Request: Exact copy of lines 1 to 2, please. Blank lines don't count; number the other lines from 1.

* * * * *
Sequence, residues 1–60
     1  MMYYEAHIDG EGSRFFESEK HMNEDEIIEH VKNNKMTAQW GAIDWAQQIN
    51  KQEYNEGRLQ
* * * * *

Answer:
Sequence, residues 1–60
     1  MMYYEAHIDG EGSRFFESEK HMNEDEIIEH VKNNKMTAQW GAIDWAQQIN